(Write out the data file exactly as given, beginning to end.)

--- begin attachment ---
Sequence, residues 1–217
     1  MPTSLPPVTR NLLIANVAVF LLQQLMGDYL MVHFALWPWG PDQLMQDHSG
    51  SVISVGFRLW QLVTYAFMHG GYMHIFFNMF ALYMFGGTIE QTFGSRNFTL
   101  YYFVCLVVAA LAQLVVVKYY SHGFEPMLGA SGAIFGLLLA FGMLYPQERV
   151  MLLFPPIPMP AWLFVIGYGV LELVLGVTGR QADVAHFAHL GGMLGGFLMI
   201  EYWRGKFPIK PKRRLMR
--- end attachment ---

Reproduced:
Sequence, residues 1–217
     1  MPTSLPPVTR NLLIANVAVF LLQQLMGDYL MVHFALWPWG PDQLMQDHSG
    51  SVISVGFRLW QLVTYAFMHG GYMHIFFNMF ALYMFGGTIE QTFGSRNFTL
   101  YYFVCLVVAA LAQLVVVKYY SHGFEPMLGA SGAIFGLLLA FGMLYPQERV
   151  MLLFPPIPMP AWLFVIGYGV LELVLGVTGR QADVAHFAHL GGMLGGFLMI
   201  EYWRGKFPIK PKRRLMR